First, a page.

Those who are vain enough to make a hard-and-fast snap judgment about an instrument at a festival or noisy tradeshow hall do an injustice to themselves and are often guilty of perpetuating massive misinformation about what they've played. The trick is quality time within the acoustic environments with which you are already familiar.
Neck adjustments, bridge height and seating, string construction, all can make a significant negative impression and thwart your good judgment. An ill-fitting nut or a too-high bridge can wrongly influence your appreciation. Understand these are the qualities that can be fixed or modified, so don't write off an instrument immediately without identifying the flaws. Optimally, it's best if you have the opportunity to change to your favorite strings, or at least gauging and construction (bonze, nickel, flatwound, tec.) you already know.
We mentioned environment but let's get into the specifics of how to hear an instrument. Remember an F-hole body tends to projet 3-8 feet outward and will sound dramatically different closer, let alone from behind the instrument. An oval hole might be less drastic from the player's ear but you still lose tremendous harmonic nuance from that perspective. If you can enlist another mandolinist to play the instrument in front of you, it's likely you'll absorb a much more accurate evaluation.
One trick we learned from world-class builder Michael Lewis was to stand in front of a glass door or window, some kind of a hard reflective surface and play about three feet away. This sound bounce is far closer to what an audience will hear than from behind the back.
New instruments as well as those in a long period of stasis go through a process of "opening up" as the wood is vibrated and its cells sort of "find themselves." Somewhat subjective but some open dramatically, some of the more cheaply made instruments never will. We've also found often it's as much the player as it is the mandolin that "finds" his/herself on a the fingerboard. Adapting to a foreign neck curve, physical weight balance, or closing in on the sweet spots of string or between frets often takes time. Obviously, as the player and instrument warm up to each other, the result will be a warmer, richer, and more complex sound.
Beauty is in the eye of the beholder, but sight and sound are two different messages to your brain, and the former far less significant to your audience. Certainly, a well-detailed instrument on a gorgeous slab of wood more often correlates with quality and craftsmanship, but an ugly instrument can still sound good. You're the one who has to live with cosmetic shortcoming but don't inflict these biases on others in personal assessment. One man's junk can be another's treasure.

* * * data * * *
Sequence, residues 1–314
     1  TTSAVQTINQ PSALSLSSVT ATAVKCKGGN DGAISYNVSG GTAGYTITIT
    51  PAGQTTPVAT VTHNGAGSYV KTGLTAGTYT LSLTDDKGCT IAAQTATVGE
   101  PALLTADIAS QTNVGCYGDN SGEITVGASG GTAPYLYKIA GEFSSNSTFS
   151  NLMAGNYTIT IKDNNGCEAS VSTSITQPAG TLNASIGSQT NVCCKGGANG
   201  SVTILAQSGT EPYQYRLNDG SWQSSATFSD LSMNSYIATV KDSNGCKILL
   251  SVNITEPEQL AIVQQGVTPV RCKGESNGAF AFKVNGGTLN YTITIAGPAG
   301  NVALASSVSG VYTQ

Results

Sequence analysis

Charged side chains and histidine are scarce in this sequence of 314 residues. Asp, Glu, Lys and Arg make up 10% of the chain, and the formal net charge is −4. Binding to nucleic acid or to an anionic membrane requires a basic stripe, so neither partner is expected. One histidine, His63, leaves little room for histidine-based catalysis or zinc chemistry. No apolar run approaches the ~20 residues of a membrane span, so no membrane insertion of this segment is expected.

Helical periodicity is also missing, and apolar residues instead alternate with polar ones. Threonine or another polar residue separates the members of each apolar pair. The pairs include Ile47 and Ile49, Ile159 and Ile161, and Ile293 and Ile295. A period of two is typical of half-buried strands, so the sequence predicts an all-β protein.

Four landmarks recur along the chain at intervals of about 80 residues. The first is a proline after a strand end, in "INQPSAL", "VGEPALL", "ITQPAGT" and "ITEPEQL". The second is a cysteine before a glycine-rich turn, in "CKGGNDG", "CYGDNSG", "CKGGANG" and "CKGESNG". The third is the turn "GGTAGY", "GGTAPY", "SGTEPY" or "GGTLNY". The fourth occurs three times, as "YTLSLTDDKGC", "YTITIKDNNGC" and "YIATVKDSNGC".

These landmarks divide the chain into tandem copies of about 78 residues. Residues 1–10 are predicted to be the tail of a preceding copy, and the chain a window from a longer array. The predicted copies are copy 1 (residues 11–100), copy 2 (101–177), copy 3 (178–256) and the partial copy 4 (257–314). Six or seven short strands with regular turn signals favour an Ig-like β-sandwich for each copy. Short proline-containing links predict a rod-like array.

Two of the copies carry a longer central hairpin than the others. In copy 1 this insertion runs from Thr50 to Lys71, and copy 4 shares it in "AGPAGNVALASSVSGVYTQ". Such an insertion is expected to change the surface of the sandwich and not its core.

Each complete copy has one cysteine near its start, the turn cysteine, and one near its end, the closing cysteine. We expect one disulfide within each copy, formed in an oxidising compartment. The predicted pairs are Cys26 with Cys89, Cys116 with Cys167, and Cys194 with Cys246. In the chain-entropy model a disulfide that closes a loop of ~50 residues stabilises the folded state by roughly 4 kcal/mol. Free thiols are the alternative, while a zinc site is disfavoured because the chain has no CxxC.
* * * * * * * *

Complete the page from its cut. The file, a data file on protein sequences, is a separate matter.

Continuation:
Brand names, country of origin can help narrow down some instrument qualities, but do yourself a favor and keep an open mind (and open ear!). This is a very subjective endeavor, products made from organic materials (like wood) that are as variable as snow flakes, even within the same brand or model. Allow for these individual differences in your evaluation process.
Listen for tone, and when you get done with that, listen for more tone. If you think more about the next series of 32nd notes and blistering licks, you're not capable of really listening to the instrument. Anyone else around you attempting this in a chaotic group evaluation (or cluster pluck) is only trying to impress or intimidate you. Pick slow, intentional notes and listen for length of string sustain and decay. Listen to long half-note melodies. Play chords that ring and listen carefully to how all the strings interact, the balance from G to E string. Understand you can probably play as fast on an instrument with bad tone as well, so there's not much need to waste time going there during the testing.
If you play fast, use music you know intuitively so you can focus your cognitive energies on the sound rather than your playing. This is another reason why if your goal is permanent acquisition instead of casual trial, you really need quality extended time. You can't make an intelligent, well-focused decision any other way.
The weekly "Tips and Tricks" column will be on a temporary indefinite hiatus while we finish up a book project. Meantime, enjoy the popular archive material below. From November 12, 2006: "Cataloging Bad Tone"
Not the instrument...